6 Golatbura Reaister-Mail, Gelesburo. Ilf> Wednfisdov, Oct 9, 1963 Mormons Preserve Records In Maze of Granite Caves •« twtiu t wirt fit w SALT LARS CITY, Utah (AP)High on a canyon wall about 20 miles southeast of here, a series of portals Jut from the granite rock, pinpointing the location of one of the world's most impreg habte storage vaults. It la there that the Church of Swart Accent HOR( Mnd paltarn erdart «H- Hdl t* M «w York. Watch addrMS Order* will MOT ba ae- jtX Galaibnrg aawtpapat For WiAter add a smart accent to a new outfit with these becoming, light Shapes. flattery goes to your head in fashion-new hats that hug the head. Use mohair, other wool. Pattern 817: .knitting directions to fit all sizes. Thltty-ftv* casta tn corns (or this e ittern—add 15, cents tor each pat- m tax tirst-citasa mailing and special handling^ Send to Laura wheeler,, care oi» Galeaburg Reg- tster -MaJL 74, Neetdlecrart Dept., P. O. BoxlSl. Old Chelsea Station New York ll. Y. Printpiatnly PATTOUf NUMBER NAME, ADDRESS and ZONE. BIGGEST BABGAJN In Needlecraft History) New 1964 Needlecraft Catalog has oVrer 200 designs, costs only 25c I A "must" it you knit, crochet, sew, weave, embroider, quilt, smock, do crewelwork. Hurry, send 25c right no./. Scholarship At Blackburn For A^dti Grad CARLINVILLE — Miss Donna M. Serven of Avon has been •warded a scholarship by Blackburn College here, it has been announced by Charles 0. Gordon, dean of students. Miss Serven, a May 19G3 graduate of Avon Community High School, is a member of the freshman class at Blackburn. She is the daughter of Mr. and Mrs. Ercell Serven, Route 2, Avon. Scholarship awards are made on the basis of demonstrated academic accomplishment, need, and anticipated satisfactory perform •nee as a campus citizen, Gordon said. Blackburn College is an inde pendent liberal-arts institution which offers a work-stody program under which each student works 15 hours a week in partial payment of his education. The work-program was recently adopted by the U. S. State Department as a form of foreign aid to col lege-poor nations. Jesus Christ of Latter-day Saints (Mormon) has gouged a maws of under-rock caverns designed to safeguard the millions of dollars worth of its genealogical records. Called the Little Cottonwood Project—after the canyon where it is located—the network of tunnels and vaults cost the church more than $1.5 million. The tunnels Include three 600- foot-long storage vaults which have been lined with VA feet of concrete and heavy corrugated steel. Three large bank vault doors have been installed for added security. The three main passages will be intersected by three others more than 400 feet long. Destined for storage in the vaults at controlled temperatures and humidity are more than 500 million microfilmed pages of genealogical records. The church places considerable weight on the eternal nature of the family relationship. If a Mormon fully obeys the teachings of his faith, he may enter into a marriage convenant that not only lasts until "death do us part," but continues on "for time and eternity." Mormon doctrine states that members' ancestors who died before the religion was revealed in the early 1800s may be baptized by proxy as the first step in their acceptance into the faith. But the living must gather the necessary vital statistics concerning their kin. Thus, the emphasis on genealogical research and record keeping. In recent years, the church's record-gathering chore has been facilitated through a cooperating program with thousands of archivists and priests in foreign countries. The Mormons maintain a a number of microfilming teams abroad and in the United States. These teams, where permitted, search records or any lead that could uncover information births, marriages, or deaths. The records are microfilmed and. the film shipped to Salt Lake City. Because of the zeal of thousands of dedicated church workers, the church genealogical library now includes more than 1,700,000 microfilmed volumes. More than 500,000,000 pages have been microfilmed. News Notes of Center Prairie , CINTEtt PRAIRIE — Mr. and Mrs. Robert Morrison and daughter Kari of Reynolds, and Stuart and Lori Olmsted of Galesburg, spent a weekend at the George Englund home. The Woman's Society of Christian Service will meet at the church Thursday with. Susie Coleman as hostess. Michigan Couple Visit Rio Home RIO — Mr. and Mrs. Ray Wasson of Detroit, Mich., recently visited at the home of their son- in-law and daughter, Mr. and Mrs. Virgil Bodeen. Mr. and Mrs. Henry Rose of Cottage Hills arrived Oct. 2 at the home of her brother-in-law and sister, Mr. and Mrs. B. L. Lindquist for a few days' visit Mr. and Mrs. Richard Shepherd and family spent Oct. 5 at the home of his brother and sister- in-law, Mr. and Mrs. Ross Shep herd and family in Hebron. CARNIVAL By Dick Turner **So your Freddie just doesn't know how to take NO <©r an answer! Something will have to be done about thai after you're mamedi" LADIES COATS Selected from our regular stock! REG. $39.98 to M89.00 Now '32.00 to'150.00 Luxury fabrics In mohair, tweed, suede, worsteds, and textured styled on flattering lines and crowned with fabulous mink or fox trims in drape, circlet, or stand-a-way collars. 6 tones of color. REGULAR STOCK LADIES' DRESSES $g90 All luxurious fall dresses from our plentiful stock. Crepes, flannels and novelties. REVERSIBLE—Rag. $10.98 RAINCOAT Tackle twill, men's wear plaid, poplins. Black, olive, beige. $OT7 GIRL'S COATS FUR TRIMMED Special purchase. Suede or wool coats with fur trims. Colors include gold, royal blue, green, red and brown. "With hems that grow" with your child. Values to $24.98. 3-6x, 7-14—$5.99 values GIRLS' SKIRTS Plaids or solids. Choice of pleats. 7 colors. 3-6X. 7 to 14. $]77 & $ 2 77 INFANTS & TODDLERS SLEEPERS Fleeced cotton, snap on. Sizes 1 to 4. 3 colors. Reg. $2.49. 2F .r $ 3 M G O L o N E HWIIUIMV Kill 'M* lllll WllllWHi G A D G E T s Lipstick Caddy Jewelry Tree Purse & Coin Holder Smoke Tote Pendant Necklace Manicurettes Set Rings 'n Things Pill Box Pen Set Sweater Guard Key Holder Eye Glass Case NEW STOCK—Reg. $2.00 FALL JEWELRY Necklaces, earrings, pins and bracelets. Gold, silver, pearls, etc. FAMOUS NAME WALLETS Name brand. Picture win­ $197 dows. Red, black, blue, $197 gold, bone. Reg. $3.95. 1 IN PRIZES DRAWING SAT., OCT. 12 TOPS -N BOTTOMS COTTON KNITS TOPS: Crew necks, V-necks, cowl necks, boat necks and with collars. Solids, stripes, novelty prints and trims. 4 colors. S-M-L-XL BOTTOMS: Solid color lined pants. Olive, blue, mocha, cranberry, black and winter white. Sizes 10-16 only. 10-16 OftLON SWEATERS BULKIES Cardigans, button, zipper, chanel. Solid and novelty knits. Reg. $6.99. $544 Famous Name—Reg. to $4.99 LADIES' BLOUSES 100% cottons. Short sleeves, £ ,fBk roll-ups, and % sleeves. * f Sizes 30-44. NYLON SLIPS SIZES 32 to 40 Nylon sips with fit and design for any particular lady. This slip is lavishly trimmed in nylon lace and sheer nylon trim at bodice and hemline. Sizes 32 to 40. STRETCH SOCKS KNEE HIGHS Cotton/nylon stretch. White, black, brown, blue, gray, green, red. Fits 9 to 11. 77c LADIES'—R«g. to $4.00 DRESS GLOVES Double woven cottons. Winter coat lengths, shortie, med. 5 colors. 6-7V4. BEST FORM HAREM PANTIE Extra long leg wonder garment. Never binds, stretches with you. 1" band at top for complete comfort. Knee length for that most important allover coverage, In white only. Sizes S, M, L, XL ASSORTED STYLES UMBRELLAS 6 dozen of printed and plain umbrellas. 16 rib in a sturdy construction. Reg. $5.95. »2« QUALITY STOCK IRREGULAR BRAS Assorted sizes and styles. All better quality bras front world, famous maker, 2"< $ 3 SHOP AT O.T/s AND SAVE WITH YOUR C.C.A.! \ 2 WINNERS EACH DAY IUUS 3 BIG PRIZES Galasburo Reoisrer-Moil, Golesburo, III. Wednesdov. Oet,.9,->tfi&..*i WOO 00 IN nmfflm $1 *0.00 MAYTAO AUTOMATIC WAIHM IStt.OOMIlUONAIftl WATER SOPTINM SAVE 19.60 MEN'S SUITS from Regular Stock! FAMOUS NAMES REG. W.50 Fine quality 700% wools and Imported wools. Ex* pert hand tailored plaids, solids, self-stripes, surface interest weaves. Sizes 37 to 46. Reg., longs, shorts. FAMOUS NAME MEN'S LEATHER GOODS Billfolds, keygards, secretaries, photo card cases. Reg. priced to $10.00. Off WOOL —Reg. $9.99 DRESS SLACKS Wool blends and synthetic blends. Pleated and plain fronts. Sizes 28 to 44. 2 »'15 BODY SET HAIR SPRAY Adds body to hair naturally and gently. Makes styles last much longer. Contains no lacquer, non resin, non drying. Add shine and body to your hair with Body Set. Reg. $1.50 can with 2-oz. purse size FREE! ALDENAIRE — Reg. $1.35 STRETCH HOSE Agilon stretch in black and honey beige. Small, average and tall. $119 '/» PRICE SALE DOROTHY PERKNS 3 fragrances of colognes, dusting powder and creme shampoo. off FABRIC FESTIVAL AMANA WOOL Amana virgin wool in 58" wide, solids, plaids, stripes. Several colors. CHECK GINGHAM Washable, 36" wide. Drip dry in 7 luxurious colors. Reg. 79c yd. DACRON & COTTON 65% Dacron and 35% Cotton. 45" wide broadcloth in asst. dark fall colors. 47 77 22"x42" THROW RUGS Tweeds, hl-lo loops, cast $100 pile. 8x42. Foam backed. $100 Asst. colors. 24"*70" RUG RUNNERS 50% cotton, 50% rayon. e> 24x70 and 30x54. Asst. colors. * Reg. $3.49. RAINCOAT SPECIALS MEN'S - ZIP-OUT LINER Acrylic pile liner, split shoulders. Olive, grey muted glen plaids. 100% cotton sateen outer fabric. Warm, handsome and praise making. BOY'S-ZIP-OUT Acrylic lining & cotton poplin shell. Olive or black to choose from. Sizes 8 - 20. Warm, pleasant feeling, won d e r f u 11 y handsome. COTTON BOYS' SHIRTS 100% cotton in assorted prints. Button- down and plain collars. 6-16. 2 $ 3 BOYS'—SIZES 6-18 CORDUROY SLACKS «2" Continental and belt loop models. Washable, charcoal, navy, olive. 6-18. 48"x90" DRAPES FIBERGLASS s 48"x90" printed in new patterns. These fiberglass drapes are washable, drip /dry. Floral patterns, pumpkin patterns, contemporary patterns. Mildew proof, [ no sun fading. REG. *9.99 54" WIDE — Reg. to $8.99 UPHOLSTERY Solid colors and prints. Roll- e ^as QQ end pieces from our lead- I ing sources. Reg. $8.99 yd. Yd. DACRON —Reg. $1.69 PANELS 52"x34" construction. Tailored type, washable, drip dry. Reg. $1.69. HOUSEWARE HARVEST West Bend Percolator Automatic percolator in polished aluminum. Makes 5 to 9 cups. Perks in less than a minute, A fabulous buy. $12.95 value. West Bend Party Perk Full automatic, polished aluminum. Black accessories. Makes 12 to 30 cups. Easy an quick. $1 8.98 Value Not exactly as pictured. WEST BIND—-Reg. $8.99 PENQUIN $^00 Hot or cold server. Chrome finish. Holds 2 qts. ice. Reg. $8.99. WEST BEND —Waterless COOKWARE 8 pieces in all. Heavy gauge aluminum. 5 containers, 3 lids. Reg. $12.95. OPEN MONDAY NOON TO 9 - FRIDAY 9:30 TO 9! Radical Changes in Asia Produce Critical Moment BDlTOR'SNOTf^-fteportcfWil. Ham t. Ryan has covered news all ever the world, from Moscow to Chile to Singapore. He Is a specialist in Communist affairs and the way nations react to the Communist effort to gain con* verts. Now he is back in Asia, talking to people across the political spectrum from extreme right to extreme left, and from the top to the bottom of the ladder. By WILLIAM L. RYAN BANGKOK, Thailand (API- Asia is severely shaken today by its own conflicts and by radical changes in the cold war picture. These changes are a potent yeast in the ferment which is engulfing the whole vast, over-peopled, and impatient continent. "This is a most critical moment for Asia," said one highly placed informant. "You might say this whole area now is up for plan* t part, flfc Itffei, **A claim they have atitirt turned! first to the tMtod *%> no* are looking to Mosco*. there ft a good chance that ftttetfini ground-to-air missiles eventually 1 will be protecting Indian ciUei against the Red Chinese, It seems probable that a long hard struggle is ahead to prevent the whole continent from falling one day under Communist domination. The most significant development for Asia in the past decade has been the violent quarrel between the Communist parties of the Soviet Union and Red China. Yet there are also clear indications that the Chinese-Soviet split is being overstressed to an extent that can lead to dangerous consequences. To Indians, the split seems to have become a question as simple as black and white: The Chinese have become all bad—therefore those who seem to oppose the Red Chinese must be the reverse. This includes the Soviet party and its followers. Even in Southeast Asia circles closely connected with the United States and the West one can detect a superabundance of optimism. This seems based on the notion that the Red Chinese have lost the implicit support of the Russians, should Peking think in terms of embarking on reckless adventures. But Peking always has had the long view of domination in Asia by slow stages, despite its defiance of nuclear "paper tigers." The more cautious element in Southeast Asia makes allowance for the possibility of events—a showdown crisis in which Mos>: cow may.have U> stand^uo and be 1 counted, or a change of leadership either in Peking tor Moscow— which could cause the Russians and Chinese to close ranks. Although the world's attention was diverted by the Cuban missile crisis last October, Red China's attack at that time on India's frontiers was an event of enormous cold war significance. India turned in virtual panic to the United States for military help. It got aid, under the U.S.­ British Nassau agreement, but' this tended to damage Nehru's | standing as the Asian leader of nonalignment. The Indians are getting arms, ammunition and technical assistance for their armed forces. They wanted a bit more. The Indians hinted broadly that they wanted Nike-Zeus ground-to-air missiles j for defensive purposes around the big Indian cities. 1 The United States did not take the hint. Possibly the reaction in Pakistan, which constantly expresses fear of the Indians, How to Make Two N. T. Cue By OSWALD MCOBY Newspaper Enterprise Assn. The minimum strength for the artificial two no-trump response to a major suit opening is 13 supporting points of which at least 11 are in high cards. With enough support and less than 11 in high cards you simply jump right to four of partner's suit. WIST 4Q107 V33 • J106S + J1003 NORTH A A864 VKJ97 • K2 *AK7 CAST 4JSS8 V106 • Q984 • Q84 SOUTH cm VAQ8I4 • A87 #65S Both vnlnenble goat* Wsst North fast IV P>as 2N.T. Pass SN.T. Pass 44» Pass 4 4* Pass 4 4k Pass 5¥ Pass 6V Pass Pass Pass Opening toad-4) J There is no maximum strength at all. You can use the bid as the start of grand slam exploration. The only thing to bear in mind it that it has nothing at all to do with no-trump and merely takes the place of the forcing raise. If the opener has a rock bottom minimum he shows it by jumping right to game in bis suit. This particular bid says, "Partner, I have no interest in a slam and merely am bidding game because your bid was a game force." With a slightly better hand ope^ rebids: to three no-trump: This also announces little or no slam interest, but at least a sound opening bid. Once more, it expresses no interest in a no-trump contract. The hand is going to play in the major suit first bid. North is interested in six or ! seven once he bears the opening heart bid. He still plans on getting to six or more after the three no-trump rebid indicates a sound opening bid and his four club call is the first step in that direction. South shows his ace Of diamonds and North first shows his ace of spades and then stops at six hearts after South merely bids five. Six hearts is the perfect contract. South has no trouble making it, but he has no play for seven. Chances are, the employer who finds a place for the qualified worker can forget his worry about excessive job turnover, according to a recent Bureau of Labor statistic survey. SWEETIE PIE By Nadine Seltzer •'Why 's he called a FRESHMAN? Ht'a thi moot baahful boy in townl" »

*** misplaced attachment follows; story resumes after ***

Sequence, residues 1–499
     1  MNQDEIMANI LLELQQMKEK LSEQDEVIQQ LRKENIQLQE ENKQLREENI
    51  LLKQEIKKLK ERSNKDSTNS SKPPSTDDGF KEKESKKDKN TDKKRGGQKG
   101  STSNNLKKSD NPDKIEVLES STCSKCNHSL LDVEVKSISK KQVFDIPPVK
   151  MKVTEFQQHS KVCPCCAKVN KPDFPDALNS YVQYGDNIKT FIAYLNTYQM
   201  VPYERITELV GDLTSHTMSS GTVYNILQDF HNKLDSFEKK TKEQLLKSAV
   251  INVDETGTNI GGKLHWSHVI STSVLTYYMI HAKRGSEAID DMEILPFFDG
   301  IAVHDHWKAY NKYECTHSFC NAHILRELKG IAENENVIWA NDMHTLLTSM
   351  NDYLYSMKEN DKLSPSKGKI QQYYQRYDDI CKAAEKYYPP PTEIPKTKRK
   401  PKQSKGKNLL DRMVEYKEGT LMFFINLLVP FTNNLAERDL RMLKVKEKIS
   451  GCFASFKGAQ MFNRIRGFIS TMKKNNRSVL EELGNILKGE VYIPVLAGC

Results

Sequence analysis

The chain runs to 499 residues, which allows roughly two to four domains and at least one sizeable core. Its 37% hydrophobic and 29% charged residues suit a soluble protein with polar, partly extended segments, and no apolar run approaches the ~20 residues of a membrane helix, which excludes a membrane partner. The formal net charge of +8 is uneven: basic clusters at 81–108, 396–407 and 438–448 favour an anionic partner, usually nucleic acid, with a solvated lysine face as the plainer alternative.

What members have found on this page

Get access to

  • The largest online newspaper archive
  • 8,900+ newspapers from the 1700s–2000s
  • Millions of additional pages added every month

Try it free